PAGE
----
We just found out that Social Security benefits are going up 1.3% in 2021. In this post, I want to talk about three things:

1) What does this mean for people receiving Social Security in 2021? Is it really 1.3%?

2) If I’m planning for retirement, what Social Security increases should I assume every year?

3) We’re going to look at a case study, an example, of using historical averages for what Social Security will go up in our retirement simulations.

Whether you’re retired or you’re 10 years out from retirement, Social Security is one of your biggest assets. So keeping up to date with how it works is really important to your financial plan.

According to the Social Security Fact Sheet on ssa.gov, Social Security income beneficiaries will receive a 1.3% COLA – not a soft drink, but a cost-of-living adjustment – in 2021. So, it’s a pay raise. 

The average person receives about $1,500 a month in Social Security benefits. A 1.3% increase means about a $20-a-month increase. So, that’s good; now I can upgrade my Netflix subscription from Premium to Ultra. But here’s the thing: when Social Security goes up, and we’ve seen this time and time again in helping families plan for retirement, your Medicare premium goes up as well.

Now, we don’t know how much Medicare’s going to go up next year. For Medicare Part B, back in April, the Medicare trustee report said they think benefits are going to go up by $8 a month per person. So you hit that $8 and all of a sudden that’s taking away from your 1.3% COLA. I would say the net effect of Medicare and Social Security together is actually only a 0.8% increase.

Why is this important?

If you’re planning ahead and you’re running retirement scenarios, which you should do, it’s important to know what growth rate to assume for Social Security in the future. So, my first thought was to take a look at history because we can use history as a guide, though not a guarantee, as far as what Social Security will do in the future.

I looked all over the internet for a historical average of Social Security COLAs and I couldn’t find one, so I made one. And since 1975, when the cost of living adjustment law came into effect, we’ve been keeping track of those averages. That average comes out to 3.6%.

You could be a little conservative and estimate Social Security will go up 3% a year. Well, this year has historically low interest rates and we have a historically low Social Security COLA.

Should we use 3%, even though that’s a conservative number moving forward? I’m going to show you a case study that says, I’m not sure if we should.

I’ve got this family here: Stan and Joanna. They’re about 10 years out from their retirement age of 65, they have three kids, and their net worth is right around $2 million. Right now they make $350,000 of combined-growth income, and they’re projected to receive about $50,000 a year in Social Security when they retire.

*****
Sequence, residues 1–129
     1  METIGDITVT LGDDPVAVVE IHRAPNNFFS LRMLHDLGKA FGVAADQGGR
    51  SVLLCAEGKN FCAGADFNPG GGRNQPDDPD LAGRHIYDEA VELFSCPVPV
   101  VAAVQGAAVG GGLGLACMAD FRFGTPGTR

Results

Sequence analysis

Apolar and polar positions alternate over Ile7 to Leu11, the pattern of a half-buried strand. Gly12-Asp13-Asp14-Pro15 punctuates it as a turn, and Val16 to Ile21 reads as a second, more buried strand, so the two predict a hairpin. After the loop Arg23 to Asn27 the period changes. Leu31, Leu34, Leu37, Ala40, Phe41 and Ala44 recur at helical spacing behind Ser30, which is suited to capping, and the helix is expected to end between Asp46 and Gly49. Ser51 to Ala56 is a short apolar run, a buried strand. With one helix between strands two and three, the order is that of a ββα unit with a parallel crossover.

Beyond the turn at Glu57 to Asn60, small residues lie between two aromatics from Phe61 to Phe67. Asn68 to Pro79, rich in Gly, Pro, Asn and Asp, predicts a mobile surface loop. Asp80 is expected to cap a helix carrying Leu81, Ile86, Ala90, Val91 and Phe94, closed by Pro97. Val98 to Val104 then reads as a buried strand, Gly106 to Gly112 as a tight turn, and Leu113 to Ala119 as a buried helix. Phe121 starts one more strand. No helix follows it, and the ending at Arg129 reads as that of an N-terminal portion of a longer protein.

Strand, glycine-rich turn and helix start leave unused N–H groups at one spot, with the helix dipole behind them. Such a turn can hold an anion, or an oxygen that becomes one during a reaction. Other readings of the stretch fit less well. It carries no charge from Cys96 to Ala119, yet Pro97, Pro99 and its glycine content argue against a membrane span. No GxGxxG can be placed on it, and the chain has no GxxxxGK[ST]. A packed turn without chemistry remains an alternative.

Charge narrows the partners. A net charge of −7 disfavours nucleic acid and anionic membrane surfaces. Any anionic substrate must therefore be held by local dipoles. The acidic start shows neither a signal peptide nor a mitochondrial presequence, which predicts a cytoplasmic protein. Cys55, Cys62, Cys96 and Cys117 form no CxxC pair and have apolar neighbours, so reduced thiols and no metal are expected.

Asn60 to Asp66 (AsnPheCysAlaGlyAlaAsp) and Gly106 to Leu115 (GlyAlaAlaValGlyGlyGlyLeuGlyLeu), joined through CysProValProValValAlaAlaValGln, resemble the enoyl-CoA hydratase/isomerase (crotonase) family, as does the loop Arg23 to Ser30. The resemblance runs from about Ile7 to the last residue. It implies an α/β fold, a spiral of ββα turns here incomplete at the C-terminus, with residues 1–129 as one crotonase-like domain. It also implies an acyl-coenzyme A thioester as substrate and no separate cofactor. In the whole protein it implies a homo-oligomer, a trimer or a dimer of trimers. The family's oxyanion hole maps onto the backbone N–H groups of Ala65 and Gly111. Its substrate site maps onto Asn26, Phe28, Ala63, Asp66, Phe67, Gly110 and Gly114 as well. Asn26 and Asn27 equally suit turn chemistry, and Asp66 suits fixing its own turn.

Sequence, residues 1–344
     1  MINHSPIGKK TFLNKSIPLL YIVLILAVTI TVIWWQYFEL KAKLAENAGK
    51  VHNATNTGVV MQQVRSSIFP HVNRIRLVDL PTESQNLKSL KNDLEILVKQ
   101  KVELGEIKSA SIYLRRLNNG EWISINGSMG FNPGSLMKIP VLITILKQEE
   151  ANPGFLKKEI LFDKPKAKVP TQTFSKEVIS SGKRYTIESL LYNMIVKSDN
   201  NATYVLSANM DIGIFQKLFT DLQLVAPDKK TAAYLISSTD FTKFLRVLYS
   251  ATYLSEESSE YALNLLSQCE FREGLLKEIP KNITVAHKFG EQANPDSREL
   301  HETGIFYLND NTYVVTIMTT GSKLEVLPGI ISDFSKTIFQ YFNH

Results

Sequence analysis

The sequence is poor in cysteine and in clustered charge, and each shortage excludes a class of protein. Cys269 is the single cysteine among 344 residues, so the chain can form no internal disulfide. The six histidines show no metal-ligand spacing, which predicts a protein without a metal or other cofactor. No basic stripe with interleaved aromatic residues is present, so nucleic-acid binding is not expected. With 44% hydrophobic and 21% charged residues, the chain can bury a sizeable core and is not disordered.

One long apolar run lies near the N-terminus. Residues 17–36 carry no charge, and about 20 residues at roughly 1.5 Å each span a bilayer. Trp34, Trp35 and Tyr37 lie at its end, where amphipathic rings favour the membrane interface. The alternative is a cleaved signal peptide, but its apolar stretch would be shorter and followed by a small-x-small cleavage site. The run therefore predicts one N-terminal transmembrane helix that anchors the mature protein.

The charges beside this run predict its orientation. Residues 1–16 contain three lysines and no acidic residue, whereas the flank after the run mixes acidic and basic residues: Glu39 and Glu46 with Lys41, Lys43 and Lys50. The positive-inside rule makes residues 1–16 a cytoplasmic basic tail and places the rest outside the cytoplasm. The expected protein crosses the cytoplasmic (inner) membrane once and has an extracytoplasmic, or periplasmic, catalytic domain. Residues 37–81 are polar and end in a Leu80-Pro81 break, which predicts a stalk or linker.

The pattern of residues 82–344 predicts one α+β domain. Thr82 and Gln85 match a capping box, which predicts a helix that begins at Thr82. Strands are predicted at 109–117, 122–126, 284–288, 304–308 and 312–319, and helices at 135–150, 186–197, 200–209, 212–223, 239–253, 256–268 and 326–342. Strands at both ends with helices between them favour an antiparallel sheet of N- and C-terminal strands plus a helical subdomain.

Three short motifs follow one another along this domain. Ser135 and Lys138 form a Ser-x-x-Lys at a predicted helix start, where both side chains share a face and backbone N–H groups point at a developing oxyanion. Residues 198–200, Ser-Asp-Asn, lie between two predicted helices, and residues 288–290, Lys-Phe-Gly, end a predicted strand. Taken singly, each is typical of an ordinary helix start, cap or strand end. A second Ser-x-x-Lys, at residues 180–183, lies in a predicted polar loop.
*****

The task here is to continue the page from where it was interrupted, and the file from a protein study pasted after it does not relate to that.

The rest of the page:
Let’s look at Stan first, and assume his benefit is going to grow 3% per year until retirement. Currently, they have about $10,000 in monthly expenses plus their mortgage, which is pretty big. And then in retirement, they think they’ll have about $100,000 a year in expenses.

In looking at their long-term financial plan, all of these expenses and income and investments are being factored into the picture which you can see in the video. And the picture looks good based on a 3% cost-of-living adjustment on their Social Security.

You can even run a test and determine what is the percentage chance that you’ll need to make an adjustment during the next 30 or 40 years into retirement? And based on this scenario, the chance of needing to make an adjustment is only 3% because it’s a 97% success rate.

However, what happens if we change this to Social Security with no COLA, which is 0% (because this year it’s really close to zero). When running scenarios, should we use historical averages? Or should we go with Medicare and Social Security moving in tandem with one another – as the benefit from one goes up, the cost from the other goes up – so this might be the safer way to go. In this case, the long-term plan goes from a 97% success rate down to 74%.

In this scenario, there’s a 1 in 4 chance I’ll need to make a big adjustment between now and retirement, or maybe even in retirement, meaning:

  • I need to work longer, or
  • lower my expenses in retirement, or
  • save more now.

These are all doable things, but this shows you that the change in value of their net worth over time was 2.7 million upon assuming 0% versus 3%.

So, again, if you’re planning for retirement, knowing what Social Security’s impact is on your situation is huge for a lot of Americans.

If you have any questions on this, feel free to reach out to us. Or talk to your financial planner and ask how they are assuming Social Security is going to grow over the next 20 or 30 years and maybe assume zero, just to be safe.